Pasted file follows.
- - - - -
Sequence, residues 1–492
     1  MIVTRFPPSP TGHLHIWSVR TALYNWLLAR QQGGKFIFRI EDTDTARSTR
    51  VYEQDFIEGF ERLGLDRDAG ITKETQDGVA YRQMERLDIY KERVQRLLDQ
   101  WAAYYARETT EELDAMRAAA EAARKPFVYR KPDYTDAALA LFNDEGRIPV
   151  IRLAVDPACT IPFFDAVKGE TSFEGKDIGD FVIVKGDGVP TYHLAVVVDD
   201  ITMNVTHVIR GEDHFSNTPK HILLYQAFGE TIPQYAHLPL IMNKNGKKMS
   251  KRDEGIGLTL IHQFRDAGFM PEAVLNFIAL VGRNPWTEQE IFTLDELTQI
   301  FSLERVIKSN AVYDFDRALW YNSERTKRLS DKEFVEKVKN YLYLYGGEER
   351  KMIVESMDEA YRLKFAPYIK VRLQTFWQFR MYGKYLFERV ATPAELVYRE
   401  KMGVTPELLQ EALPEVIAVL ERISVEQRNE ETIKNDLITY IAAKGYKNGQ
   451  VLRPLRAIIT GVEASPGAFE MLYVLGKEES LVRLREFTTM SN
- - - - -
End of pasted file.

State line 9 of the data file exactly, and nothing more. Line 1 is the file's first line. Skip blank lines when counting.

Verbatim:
   351  KMIVESMDEA YRLKFAPYIK VRLQTFWQFR MYGKYLFERV ATPAELVYRE